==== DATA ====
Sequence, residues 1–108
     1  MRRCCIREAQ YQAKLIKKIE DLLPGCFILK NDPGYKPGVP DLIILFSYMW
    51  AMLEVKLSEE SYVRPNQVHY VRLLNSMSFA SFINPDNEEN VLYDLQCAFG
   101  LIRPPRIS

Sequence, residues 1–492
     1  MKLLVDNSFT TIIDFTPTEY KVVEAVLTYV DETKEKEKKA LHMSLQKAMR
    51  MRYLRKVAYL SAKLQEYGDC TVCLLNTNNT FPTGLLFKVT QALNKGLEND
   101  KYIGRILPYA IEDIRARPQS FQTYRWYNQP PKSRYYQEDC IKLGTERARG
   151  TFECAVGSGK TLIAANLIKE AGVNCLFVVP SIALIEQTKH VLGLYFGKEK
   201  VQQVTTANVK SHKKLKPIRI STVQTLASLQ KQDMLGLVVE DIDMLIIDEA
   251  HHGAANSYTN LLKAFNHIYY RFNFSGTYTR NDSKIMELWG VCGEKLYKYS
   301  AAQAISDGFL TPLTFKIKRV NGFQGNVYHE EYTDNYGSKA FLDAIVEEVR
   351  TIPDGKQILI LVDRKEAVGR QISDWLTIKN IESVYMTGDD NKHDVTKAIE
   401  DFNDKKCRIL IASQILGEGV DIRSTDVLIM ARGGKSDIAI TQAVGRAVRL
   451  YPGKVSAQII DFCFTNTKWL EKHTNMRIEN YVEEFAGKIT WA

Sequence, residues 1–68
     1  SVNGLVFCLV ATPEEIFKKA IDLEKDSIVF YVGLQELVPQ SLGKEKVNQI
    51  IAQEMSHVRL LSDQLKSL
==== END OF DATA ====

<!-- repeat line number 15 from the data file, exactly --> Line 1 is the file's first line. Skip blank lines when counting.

   451  YPGKVSAQII DFCFTNTKWL EKHTNMRIEN YVEEFAGKIT WA